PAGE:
Deadheaded the peonies yesterday. Their big, bountiful blooms had faded and it was time to tell them not to set seed, just to stay in place.
One of the big losses about being dead is that the days run together. They are spent waiting to do what my mother decides needs to be done, helping my father do what he needs to take care of her. Since I don’t really exist, I don’t really experience anything.
I notice that loss when the natural milestones come. The peonies have come and gone and I haven’t really experienced them, haven’t felt change touch my skin.
That nice Rabbi Schmuley was on again last night in Shalom In The Home. It was a family where joy had fled and drudgery dragged everyone down. Schmuley got people to see how they had given up, taken to nagging rather then inspiring, lost their own joy and gratitude, turning life to a grind rather than an ecstatic dance.
For a dead person, that’s hard to see. It reminds me of what I have lost; not the actuality of being loose and free and dancing though life, because I have always had to carry much & stay hidden, but rather the hope that someday there would be space for that before I was too old.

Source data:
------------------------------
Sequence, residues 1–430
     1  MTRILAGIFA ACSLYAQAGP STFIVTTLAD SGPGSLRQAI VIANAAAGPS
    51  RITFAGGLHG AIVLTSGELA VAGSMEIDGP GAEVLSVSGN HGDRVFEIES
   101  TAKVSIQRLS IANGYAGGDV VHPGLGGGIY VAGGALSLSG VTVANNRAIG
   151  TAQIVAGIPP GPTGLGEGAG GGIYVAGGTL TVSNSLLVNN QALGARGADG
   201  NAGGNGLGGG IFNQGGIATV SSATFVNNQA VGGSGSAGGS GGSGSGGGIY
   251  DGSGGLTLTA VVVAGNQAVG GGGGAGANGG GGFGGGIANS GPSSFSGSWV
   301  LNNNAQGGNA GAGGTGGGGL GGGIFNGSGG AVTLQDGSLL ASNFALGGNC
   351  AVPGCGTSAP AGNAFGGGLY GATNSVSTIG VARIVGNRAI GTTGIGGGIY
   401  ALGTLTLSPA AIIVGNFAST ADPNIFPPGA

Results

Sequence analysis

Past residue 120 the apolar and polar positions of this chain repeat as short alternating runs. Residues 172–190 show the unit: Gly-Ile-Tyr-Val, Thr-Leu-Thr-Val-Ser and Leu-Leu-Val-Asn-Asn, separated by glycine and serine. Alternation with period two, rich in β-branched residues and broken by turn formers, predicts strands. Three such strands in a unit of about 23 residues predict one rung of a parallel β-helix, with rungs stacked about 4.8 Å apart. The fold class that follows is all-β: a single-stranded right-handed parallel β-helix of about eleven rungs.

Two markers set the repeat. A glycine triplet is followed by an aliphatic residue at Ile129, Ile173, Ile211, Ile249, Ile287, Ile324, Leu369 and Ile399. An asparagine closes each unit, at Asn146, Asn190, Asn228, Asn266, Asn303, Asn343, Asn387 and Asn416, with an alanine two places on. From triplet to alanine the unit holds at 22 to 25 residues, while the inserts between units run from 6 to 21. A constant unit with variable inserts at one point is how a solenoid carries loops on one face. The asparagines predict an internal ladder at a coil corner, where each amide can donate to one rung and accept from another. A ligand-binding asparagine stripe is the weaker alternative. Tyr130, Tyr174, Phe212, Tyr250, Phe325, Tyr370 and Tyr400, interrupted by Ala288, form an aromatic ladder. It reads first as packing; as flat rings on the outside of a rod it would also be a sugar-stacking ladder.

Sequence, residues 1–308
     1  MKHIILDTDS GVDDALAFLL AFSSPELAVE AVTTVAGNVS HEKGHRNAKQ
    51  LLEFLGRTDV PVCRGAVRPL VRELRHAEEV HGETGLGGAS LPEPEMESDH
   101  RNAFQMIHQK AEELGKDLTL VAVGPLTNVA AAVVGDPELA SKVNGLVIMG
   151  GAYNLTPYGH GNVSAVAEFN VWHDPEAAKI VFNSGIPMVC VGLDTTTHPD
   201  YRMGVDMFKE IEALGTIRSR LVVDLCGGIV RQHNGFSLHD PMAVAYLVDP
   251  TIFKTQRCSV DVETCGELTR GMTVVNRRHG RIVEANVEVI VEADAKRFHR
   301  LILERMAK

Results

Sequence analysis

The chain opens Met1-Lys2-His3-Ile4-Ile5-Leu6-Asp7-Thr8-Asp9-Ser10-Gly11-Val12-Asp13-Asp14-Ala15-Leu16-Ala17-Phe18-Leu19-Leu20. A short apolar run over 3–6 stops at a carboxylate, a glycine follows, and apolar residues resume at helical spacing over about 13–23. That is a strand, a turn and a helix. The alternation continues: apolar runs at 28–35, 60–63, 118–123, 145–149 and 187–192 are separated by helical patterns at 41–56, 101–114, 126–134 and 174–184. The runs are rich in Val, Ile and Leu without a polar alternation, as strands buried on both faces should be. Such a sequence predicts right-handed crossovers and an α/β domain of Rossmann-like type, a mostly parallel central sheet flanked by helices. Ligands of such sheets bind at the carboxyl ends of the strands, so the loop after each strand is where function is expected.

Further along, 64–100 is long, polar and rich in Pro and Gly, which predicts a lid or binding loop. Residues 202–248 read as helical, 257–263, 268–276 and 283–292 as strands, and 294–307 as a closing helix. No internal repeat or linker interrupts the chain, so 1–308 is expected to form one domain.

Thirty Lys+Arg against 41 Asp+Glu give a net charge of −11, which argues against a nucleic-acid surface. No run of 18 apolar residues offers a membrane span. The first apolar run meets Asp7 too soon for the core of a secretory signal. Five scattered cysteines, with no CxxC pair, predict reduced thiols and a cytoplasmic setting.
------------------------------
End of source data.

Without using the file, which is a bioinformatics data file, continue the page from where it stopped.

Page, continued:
The peonies are gone. Time mushes by, and I just worry about how to endure the losses that are coming. You can’t stop loss in life — the only thing you can do is make some wins, create some successes, follow some bliss, dance some ectasy, share some joy, create and laugh, so that life is always reinvigorated with shared and uplifting energy.
But that’s not where I can find it, and so I deadhead the peonies and miss the time they bloomed while I was just dead.